Maria Mitchell was also a well-known proponent of equal rights-she fought relentlessly for women as well as for blacks. The school that she started admitted black children at a time when segregation was common in the US. At Vassar College, she demanded and got equal pay when she realised that her junior male colleagues were paid more.

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Who was Olga Owens Huckins?

A journalist and nature lover, Olga Owens Huckins wrote two letters - one of which was published in ‘The Boston Herald’ on January 29, 1958 - in quick succession expressing her dismay regarding the usage of DDT as a pesticide. One of these letters prompted American marine biologist, writer, and conservationist Rachel Carson to write Silent Spring, now considered a classic in the environmental sciences.

There is no doubting the fact that we, human beings, have been responsible for more' environmental degradation than any other living species. As we continue our search for longer lifespans and more comfortable living, we seem to be indiscriminately damaging the world around us.b

Despite the knowledge we possess and the awareness of the damage we are causing, there seems to be little collective will to lead to resolute actions on a consistent basis. That said, there have been a number of individuals through the course of history who've made change possible with their doggedness. Olga Owens Huckins and Rachel Carson were two such American women.

Birds drop dead

A journalist and nature lover, Huckins and her husband had created a little bird sanctuary on their property. When the Massachusetts' programme to control mosquitoes sprayed dichlorodiphenyltrichloroethane, or DDT, in their area, Huckins noticed birds and insects too dropping dead in her garden.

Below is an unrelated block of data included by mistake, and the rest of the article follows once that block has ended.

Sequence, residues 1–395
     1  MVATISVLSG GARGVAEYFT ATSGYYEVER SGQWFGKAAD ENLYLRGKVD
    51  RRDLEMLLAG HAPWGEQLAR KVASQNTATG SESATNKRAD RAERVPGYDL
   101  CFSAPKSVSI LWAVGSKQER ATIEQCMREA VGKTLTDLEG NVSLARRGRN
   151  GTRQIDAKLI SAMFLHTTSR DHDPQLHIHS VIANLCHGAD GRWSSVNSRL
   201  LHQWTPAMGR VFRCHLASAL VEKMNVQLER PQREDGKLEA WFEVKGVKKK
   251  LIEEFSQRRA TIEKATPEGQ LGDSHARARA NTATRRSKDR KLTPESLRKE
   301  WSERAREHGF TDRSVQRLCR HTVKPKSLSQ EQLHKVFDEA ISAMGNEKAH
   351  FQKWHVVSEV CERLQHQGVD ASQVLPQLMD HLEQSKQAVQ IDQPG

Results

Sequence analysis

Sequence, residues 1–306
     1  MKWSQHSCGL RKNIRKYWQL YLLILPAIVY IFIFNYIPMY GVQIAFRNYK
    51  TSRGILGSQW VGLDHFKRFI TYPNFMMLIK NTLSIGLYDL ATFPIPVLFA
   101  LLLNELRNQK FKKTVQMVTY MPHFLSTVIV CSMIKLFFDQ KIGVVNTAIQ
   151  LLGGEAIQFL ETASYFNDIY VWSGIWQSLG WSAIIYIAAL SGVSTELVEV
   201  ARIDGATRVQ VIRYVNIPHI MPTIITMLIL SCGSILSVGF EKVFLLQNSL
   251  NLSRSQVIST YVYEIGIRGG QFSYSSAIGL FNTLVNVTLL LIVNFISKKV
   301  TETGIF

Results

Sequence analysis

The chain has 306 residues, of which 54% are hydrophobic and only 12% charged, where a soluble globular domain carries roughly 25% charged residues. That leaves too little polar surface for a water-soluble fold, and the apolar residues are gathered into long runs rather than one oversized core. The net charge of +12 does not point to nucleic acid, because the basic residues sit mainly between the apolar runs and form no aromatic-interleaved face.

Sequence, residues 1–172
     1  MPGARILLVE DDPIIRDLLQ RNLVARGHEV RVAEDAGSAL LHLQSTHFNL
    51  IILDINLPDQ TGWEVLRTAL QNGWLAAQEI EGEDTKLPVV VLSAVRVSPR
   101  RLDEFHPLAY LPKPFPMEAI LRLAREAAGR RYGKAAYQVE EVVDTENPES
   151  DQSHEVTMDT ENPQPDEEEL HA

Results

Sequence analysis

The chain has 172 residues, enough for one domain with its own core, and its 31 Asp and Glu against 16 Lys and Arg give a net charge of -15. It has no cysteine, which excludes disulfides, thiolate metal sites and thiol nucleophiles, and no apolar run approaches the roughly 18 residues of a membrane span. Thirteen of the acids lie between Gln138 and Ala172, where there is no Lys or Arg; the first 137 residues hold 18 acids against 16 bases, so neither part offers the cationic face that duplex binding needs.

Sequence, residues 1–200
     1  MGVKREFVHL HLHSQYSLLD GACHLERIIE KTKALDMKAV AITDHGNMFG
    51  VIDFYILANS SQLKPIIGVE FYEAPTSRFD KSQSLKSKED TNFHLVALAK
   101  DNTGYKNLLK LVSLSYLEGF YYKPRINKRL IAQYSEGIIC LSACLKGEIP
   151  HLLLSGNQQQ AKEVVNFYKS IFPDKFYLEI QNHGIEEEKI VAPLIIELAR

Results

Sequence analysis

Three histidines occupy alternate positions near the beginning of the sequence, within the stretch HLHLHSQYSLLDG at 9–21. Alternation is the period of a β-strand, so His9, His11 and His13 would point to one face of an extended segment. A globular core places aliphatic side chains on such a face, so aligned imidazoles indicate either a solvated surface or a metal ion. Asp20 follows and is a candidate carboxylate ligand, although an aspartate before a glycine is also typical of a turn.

As there was little she could do herself about it, Huckins conveyed her anger through a letter that she sent to ‘The Boston Herald.’ This letter, titled 'Evidence of Havoc by DDT’, was published in the newspaper on January 29, 1958.

Seeking to reach out to people in power at Washington who might be able to stop the aerial spraying, Huckins shot off another powerful letter to her old friend Carson. A marine biologist, writer, and conservationist, Carson had spent much of her life studying, observing, and writing about nature. Having already heard about DDT since it was developed in the 1940s as the first of the modern synthetic insecticides, Carson decided to delve deeper into the subject.

Not a miracle substance

DDT was perceived as a miracle substance that could work wonders. It was used with great effect to combat insect-borne diseases such as malaria in many populations. It was sought after by farmers as they saw it as a boon in their fight against pests to save crops.

The more she read about DDT and other insecticides, however, the more convinced she was that the ongoing indiscriminate spraying was untenable. Unable to gain the interest of any magazine to write on the subject with what were then seen as controversial views, Carson decided to go ahead with a book with the wealth of research she possessed. "Knowing what I do, there would be no future peace for me if I kept silent," she said, and decided on the title for her book - Silent Spring.